Choose $c$ to the the unique complex number with positive imaginary part such that $f_c(z)=z^2+c$ has a super-attractive orbit of period 3. Suppose we conjugate $f_c$ to obtain a rational function $g$ with the property that

$$0\to1\to\infty\to0$$

forms a super attractive orbit. Generate the Julia set of $g$.

# A rational rabbit

I'll answer the first part.

Define the functions

`f[c_][z_] := z^2 + c`

and

`F[c_][z_] := Nest[f[c], z, 3]`

To find the critical points of $F_c(z)$, solve $F_c^\prime(z)=0$ for $z$. I used the code

`z /. Solve[D[F[c][z], z] == 0, z]`

To determine a list of $c$ values such that each critical point $z$ is also a fixed point, solve $F_c(z)=z$ for $c$. After deleting duplicate $c$ values and rejecting those $c$ values for which the imaginary part is not positive, we are left with only one possible value of $c$, $c=-0.122561+0.744862i$. This entire process is achieved by the code

```
First[
Select[
DeleteDuplicates[
Flatten[
c /. NSolve[F[c][#] == #, c] & /@ %
],
Abs[#1 - #2] < 10^-10 &
],
Im[#] > 0 &
]
]
```

More simply, since a super attractive orbit must contain a critical point, we can solve $f_c^\prime(z)=0$ for $z$ using the Mathematica code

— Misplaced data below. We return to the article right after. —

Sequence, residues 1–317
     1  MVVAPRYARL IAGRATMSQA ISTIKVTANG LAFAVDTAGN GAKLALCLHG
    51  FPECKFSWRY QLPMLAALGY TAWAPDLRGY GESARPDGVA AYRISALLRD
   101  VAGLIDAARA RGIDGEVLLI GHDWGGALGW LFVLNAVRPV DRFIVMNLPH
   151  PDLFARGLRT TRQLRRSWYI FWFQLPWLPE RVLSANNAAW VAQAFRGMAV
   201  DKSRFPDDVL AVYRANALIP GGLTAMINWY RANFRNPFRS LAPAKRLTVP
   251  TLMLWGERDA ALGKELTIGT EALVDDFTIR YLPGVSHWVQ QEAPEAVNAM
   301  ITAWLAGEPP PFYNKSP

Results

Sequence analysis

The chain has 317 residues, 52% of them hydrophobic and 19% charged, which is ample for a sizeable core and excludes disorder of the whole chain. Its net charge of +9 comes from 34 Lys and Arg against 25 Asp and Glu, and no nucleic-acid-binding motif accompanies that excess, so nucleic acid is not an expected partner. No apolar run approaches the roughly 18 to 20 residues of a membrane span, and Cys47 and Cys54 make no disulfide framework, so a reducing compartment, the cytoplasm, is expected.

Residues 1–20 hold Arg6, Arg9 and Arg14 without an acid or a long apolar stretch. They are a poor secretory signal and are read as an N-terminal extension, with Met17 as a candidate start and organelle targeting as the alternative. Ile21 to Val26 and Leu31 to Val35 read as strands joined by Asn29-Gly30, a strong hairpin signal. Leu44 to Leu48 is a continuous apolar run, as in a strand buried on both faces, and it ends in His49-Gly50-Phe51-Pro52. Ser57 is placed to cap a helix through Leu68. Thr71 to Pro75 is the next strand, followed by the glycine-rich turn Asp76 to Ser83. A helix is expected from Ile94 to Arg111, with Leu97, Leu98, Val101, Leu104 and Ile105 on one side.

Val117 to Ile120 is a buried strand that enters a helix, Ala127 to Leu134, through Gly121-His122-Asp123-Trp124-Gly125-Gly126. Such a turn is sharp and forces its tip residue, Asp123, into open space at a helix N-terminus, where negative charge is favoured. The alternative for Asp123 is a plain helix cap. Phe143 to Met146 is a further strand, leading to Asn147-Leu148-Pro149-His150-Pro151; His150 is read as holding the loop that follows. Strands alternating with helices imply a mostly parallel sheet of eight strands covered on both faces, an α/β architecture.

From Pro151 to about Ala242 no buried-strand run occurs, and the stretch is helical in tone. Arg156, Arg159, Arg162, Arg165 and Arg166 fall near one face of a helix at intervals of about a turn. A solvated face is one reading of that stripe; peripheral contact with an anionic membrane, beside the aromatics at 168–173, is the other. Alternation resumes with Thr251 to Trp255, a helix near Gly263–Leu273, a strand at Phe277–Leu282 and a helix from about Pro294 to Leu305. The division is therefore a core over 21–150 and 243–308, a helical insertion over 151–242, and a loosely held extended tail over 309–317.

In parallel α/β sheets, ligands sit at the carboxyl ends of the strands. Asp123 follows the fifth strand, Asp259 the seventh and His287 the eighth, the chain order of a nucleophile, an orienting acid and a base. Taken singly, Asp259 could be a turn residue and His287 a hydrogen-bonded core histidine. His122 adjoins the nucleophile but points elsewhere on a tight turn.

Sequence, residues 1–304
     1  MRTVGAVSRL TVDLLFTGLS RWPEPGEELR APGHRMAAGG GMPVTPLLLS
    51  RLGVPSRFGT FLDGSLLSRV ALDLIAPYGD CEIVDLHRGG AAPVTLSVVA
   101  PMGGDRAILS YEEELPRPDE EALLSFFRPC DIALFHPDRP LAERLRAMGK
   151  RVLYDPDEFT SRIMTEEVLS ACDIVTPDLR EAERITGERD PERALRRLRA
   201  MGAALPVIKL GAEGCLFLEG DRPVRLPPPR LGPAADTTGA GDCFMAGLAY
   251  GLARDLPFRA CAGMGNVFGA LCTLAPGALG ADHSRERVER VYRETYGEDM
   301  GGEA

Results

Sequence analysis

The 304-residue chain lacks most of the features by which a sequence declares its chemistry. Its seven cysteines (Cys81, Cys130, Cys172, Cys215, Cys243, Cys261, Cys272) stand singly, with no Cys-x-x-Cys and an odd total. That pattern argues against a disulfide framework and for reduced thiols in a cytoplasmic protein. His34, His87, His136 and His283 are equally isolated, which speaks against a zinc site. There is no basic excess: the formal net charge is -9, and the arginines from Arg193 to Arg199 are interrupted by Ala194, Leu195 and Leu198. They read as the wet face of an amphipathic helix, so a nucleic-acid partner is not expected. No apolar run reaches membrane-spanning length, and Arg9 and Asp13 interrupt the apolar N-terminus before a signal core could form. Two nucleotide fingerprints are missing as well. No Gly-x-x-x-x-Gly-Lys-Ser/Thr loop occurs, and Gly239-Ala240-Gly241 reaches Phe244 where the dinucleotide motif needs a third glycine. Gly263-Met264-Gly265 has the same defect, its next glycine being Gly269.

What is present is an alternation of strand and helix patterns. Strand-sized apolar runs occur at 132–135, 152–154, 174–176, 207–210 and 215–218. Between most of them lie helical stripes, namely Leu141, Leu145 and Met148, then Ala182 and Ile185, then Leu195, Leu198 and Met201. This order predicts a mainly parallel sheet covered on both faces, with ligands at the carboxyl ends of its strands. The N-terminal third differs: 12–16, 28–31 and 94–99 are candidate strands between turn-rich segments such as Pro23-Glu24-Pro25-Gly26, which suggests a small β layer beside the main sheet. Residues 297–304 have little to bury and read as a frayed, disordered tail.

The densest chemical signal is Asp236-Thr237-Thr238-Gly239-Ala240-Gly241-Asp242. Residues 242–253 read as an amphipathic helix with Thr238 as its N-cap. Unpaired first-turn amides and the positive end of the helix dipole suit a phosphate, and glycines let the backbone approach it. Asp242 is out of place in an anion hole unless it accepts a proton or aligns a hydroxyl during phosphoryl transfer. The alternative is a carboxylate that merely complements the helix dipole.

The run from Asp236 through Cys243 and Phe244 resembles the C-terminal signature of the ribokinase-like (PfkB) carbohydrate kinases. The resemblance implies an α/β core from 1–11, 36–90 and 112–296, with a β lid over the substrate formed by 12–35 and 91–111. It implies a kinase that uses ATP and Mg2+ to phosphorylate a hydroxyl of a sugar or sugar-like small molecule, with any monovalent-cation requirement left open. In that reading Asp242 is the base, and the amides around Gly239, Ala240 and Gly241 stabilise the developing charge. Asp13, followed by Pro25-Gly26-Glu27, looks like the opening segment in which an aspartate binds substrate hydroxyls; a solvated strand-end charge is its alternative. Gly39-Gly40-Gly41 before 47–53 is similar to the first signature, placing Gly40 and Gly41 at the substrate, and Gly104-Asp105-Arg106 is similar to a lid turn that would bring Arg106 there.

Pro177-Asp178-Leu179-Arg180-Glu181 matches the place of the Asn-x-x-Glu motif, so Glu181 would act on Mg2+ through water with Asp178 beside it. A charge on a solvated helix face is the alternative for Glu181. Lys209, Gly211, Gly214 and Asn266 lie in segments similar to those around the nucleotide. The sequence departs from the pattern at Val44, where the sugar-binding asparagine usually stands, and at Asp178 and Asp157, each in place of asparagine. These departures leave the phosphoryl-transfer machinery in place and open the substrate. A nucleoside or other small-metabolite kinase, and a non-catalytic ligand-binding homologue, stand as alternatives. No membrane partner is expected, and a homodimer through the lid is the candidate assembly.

`z /. Solve[D[f[c][z], z] == 0, z]`

and proceed as before.

@RedCrayon That's it alright. With that in hand, you should be able to identify the points in the orbit, say

$$z_0 \to z_1 \to z_2 \to z_0.$$

That's because we know we can take $z_0=0$ and then use $f$ to compute $z_1$ and $z_2$.

Once we know $z_0$, $z_1$, and $z_2$, we should be able to find a Mobius transformation sending

$$z_0\to 0, z_1 \to 1, \text{ and }\, z_3 \to \infty.$$

If we conjugate $f_c$ with this Mobius transformation, we should get the function we are after.

And don't forget that we have a Mathematica notebook to help us find Mobius transformations to send 3 points to 3 points here.

We can compute $z_0$, $z_1$, and $z_2$ with the NestList function: these are $z_0=0$, $z_1=-0.1225611669 + 0.7448617666 i$, and $z_2=-0.6623589786 + 0.5622795121 i$.

A mobius transformation sending $z_0\rightarrow0$, $z_1\rightarrow1$, and $z_2\rightarrow\infty$ is $$\phi(z)=\frac{(z_1-z_2)z}{z_1z-z_1z_2}.$$

The inverse is $$\phi^{-1}(z)\frac{z_1z_2z}{z_1z-z_1+z_2}.$$

In Mathematica, if we define $\phi$

```
z1 = -0.1225611669 + 0.7448617666*I;
z2=-0.6623589786 + 0.5622795121*I;
Phi[z_] := ((z1 - z2) z)/(z1 z - z1 z2);
```

then $\phi^{-1}$ is

`InvPhi[z_] = First[w /. NSolve[Phi[w] == z, w]]`

We define $g=\phi\circ f\circ\phi^{-1}$, or in Mathematica,

```
c0 = -0.122561+0.744862*I;
g[z_] = Phi[f[c0][InvPhi[z]]]
```

The resulting function is complicated and difficult to describe succinctly, but we can generate the Julia set...